A ministerial body that vets legislation is expected to reject a bill that would jail Israelis who actively support a boycott of the country or its products, according to a report Saturday.
The bill, sponsored by Likud MK Anat Berko, is slated to be debated by the Ministerial Committee for Legislation Sunday.
A senior committee source told the Haaretz newspaper that the legislation harms Israel’s interest and “will not pass.”
The bill would legislate a jail term of seven years for anyone who “takes an active part in the movement to boycott Israel or its products.”
According to its text, it aims to expand existing laws dealing with actions against the state to include “anyone who damages the interest of the State of Israel, the relations between Israel and another country, organization of institute or any interest they have in Israel.”
Currently, the law enables sentences of 10 years in prison for anyone who commits a crime as part of an attempt to “harm” Israel, or up to a life sentence for more serious offenses such as treason.
The proposed change in the law would make it a crime to harm Israel’s interests, even if no other crime is committed.
The legislation notes that while it is legitimate to criticize Israel and there is no intention to impact freedom of speech, “those who lend a hand to a boycott that harms Israel economically or damages it in another way, such as an academic boycott, will need to face justice.”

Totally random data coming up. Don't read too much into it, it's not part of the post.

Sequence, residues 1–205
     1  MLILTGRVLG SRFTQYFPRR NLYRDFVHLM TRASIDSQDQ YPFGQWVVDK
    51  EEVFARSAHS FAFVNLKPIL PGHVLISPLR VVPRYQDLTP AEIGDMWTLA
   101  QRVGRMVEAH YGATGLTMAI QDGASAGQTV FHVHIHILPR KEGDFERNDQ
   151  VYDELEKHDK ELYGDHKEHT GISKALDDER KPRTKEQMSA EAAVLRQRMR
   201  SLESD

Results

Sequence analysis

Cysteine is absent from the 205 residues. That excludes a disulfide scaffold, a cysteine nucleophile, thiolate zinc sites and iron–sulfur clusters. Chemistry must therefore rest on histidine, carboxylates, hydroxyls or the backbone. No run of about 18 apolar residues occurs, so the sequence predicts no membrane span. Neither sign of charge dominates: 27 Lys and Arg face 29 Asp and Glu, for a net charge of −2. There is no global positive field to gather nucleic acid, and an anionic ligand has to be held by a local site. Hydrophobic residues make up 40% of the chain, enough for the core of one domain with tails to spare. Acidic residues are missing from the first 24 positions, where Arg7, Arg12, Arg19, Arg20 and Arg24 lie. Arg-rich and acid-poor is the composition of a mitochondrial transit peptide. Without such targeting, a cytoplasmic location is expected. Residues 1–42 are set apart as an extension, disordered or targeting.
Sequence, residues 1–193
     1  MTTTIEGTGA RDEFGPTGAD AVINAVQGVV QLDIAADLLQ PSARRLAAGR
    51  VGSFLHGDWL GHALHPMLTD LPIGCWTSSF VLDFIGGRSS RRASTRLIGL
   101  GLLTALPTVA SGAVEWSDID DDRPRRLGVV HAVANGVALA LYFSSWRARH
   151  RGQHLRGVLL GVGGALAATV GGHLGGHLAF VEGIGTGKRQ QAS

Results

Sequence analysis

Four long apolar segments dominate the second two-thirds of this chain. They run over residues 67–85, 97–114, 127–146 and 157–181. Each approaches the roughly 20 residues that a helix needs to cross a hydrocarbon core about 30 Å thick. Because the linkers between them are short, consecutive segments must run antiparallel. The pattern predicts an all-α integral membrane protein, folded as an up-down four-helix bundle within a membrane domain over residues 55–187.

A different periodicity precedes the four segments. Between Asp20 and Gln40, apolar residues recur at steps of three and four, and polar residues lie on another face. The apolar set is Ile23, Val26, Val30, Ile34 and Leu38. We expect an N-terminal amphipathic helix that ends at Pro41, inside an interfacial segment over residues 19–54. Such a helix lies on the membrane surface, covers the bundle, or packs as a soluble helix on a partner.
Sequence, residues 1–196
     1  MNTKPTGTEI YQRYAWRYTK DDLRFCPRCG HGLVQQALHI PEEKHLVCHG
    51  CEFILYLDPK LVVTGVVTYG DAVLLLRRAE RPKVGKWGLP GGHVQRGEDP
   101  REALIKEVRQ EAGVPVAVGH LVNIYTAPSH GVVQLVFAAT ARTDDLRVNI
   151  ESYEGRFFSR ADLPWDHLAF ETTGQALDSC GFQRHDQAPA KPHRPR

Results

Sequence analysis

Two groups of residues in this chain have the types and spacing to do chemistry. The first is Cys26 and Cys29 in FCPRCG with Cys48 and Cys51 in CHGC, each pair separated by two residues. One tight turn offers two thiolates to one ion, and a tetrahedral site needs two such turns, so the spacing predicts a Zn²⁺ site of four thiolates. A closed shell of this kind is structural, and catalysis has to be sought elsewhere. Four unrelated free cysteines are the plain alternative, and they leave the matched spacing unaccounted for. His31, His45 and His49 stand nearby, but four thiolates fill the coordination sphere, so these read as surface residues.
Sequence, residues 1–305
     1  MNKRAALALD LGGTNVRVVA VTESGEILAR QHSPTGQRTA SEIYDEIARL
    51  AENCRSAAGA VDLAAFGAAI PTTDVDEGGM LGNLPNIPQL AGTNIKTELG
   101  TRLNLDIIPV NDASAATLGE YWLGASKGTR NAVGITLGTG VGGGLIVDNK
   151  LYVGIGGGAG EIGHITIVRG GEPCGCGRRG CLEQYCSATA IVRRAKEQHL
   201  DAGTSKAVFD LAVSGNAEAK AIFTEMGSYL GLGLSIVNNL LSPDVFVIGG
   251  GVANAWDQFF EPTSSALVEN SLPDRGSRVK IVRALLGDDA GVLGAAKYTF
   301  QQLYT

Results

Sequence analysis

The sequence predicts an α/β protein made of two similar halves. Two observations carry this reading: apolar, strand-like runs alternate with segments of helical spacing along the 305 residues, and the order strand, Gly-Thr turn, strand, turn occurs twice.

The bill has the backing of Likud MKs David Bitan, David Amsalem and Yoav Kisch, as well as members of ultra-Orthodox parties Shas and UTJ and the coalition Kulanu party.
The bill uses vague language about which national interests it will apply to and could enable the inclusion of West Bank settlements and their products, Haaretz reported, citing sources close to Berko.
Some boycott activists campaign for divestment only from settlements and settlement products while opposing boycotts of Israel itself.
The report said the bill could also apply to the activities of left-wing groups in Israel, such as B’Tselem and Breaking the Silence.
Israel has been faced with boycott calls for decades, but the movement known as BDS (Boycott, Divestment and Sanctions) has raised its profile in recent years with help from famous backers.
The proposed law comes at a time of increased scrutiny of Israel’s attempts to fight boycotts against the state, after a US student was barred from entering the country for studies for two before the Supreme Court ruled she must be allowed in. The case had brought international attention to Israel’s anti-BDS policies.
In 2011, the government passed a law allowing civil lawsuits that demand compensation from those who call for boycotts against companies in Israel and West Bank settlements. The legislation was largely upheld by the High Court of Justice in 2015, though justices repealed a clause stipulating that courts may order unlimited sums in compensation to plaintiffs without proof of damages.
Raoul Wootliff and agencies contributed to this report.